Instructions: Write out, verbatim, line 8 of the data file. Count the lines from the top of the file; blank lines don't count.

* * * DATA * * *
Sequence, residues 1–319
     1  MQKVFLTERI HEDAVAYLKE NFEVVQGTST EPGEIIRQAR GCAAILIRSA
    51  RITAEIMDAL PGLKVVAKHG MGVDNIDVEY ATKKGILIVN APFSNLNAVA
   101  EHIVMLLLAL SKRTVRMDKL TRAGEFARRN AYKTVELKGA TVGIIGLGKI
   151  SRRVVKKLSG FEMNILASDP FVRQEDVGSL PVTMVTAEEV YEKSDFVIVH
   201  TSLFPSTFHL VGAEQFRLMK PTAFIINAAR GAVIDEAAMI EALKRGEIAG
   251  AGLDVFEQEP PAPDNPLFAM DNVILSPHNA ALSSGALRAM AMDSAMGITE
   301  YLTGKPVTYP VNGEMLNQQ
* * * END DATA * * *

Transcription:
   301  YLTGKPVTYP VNGEMLNQQ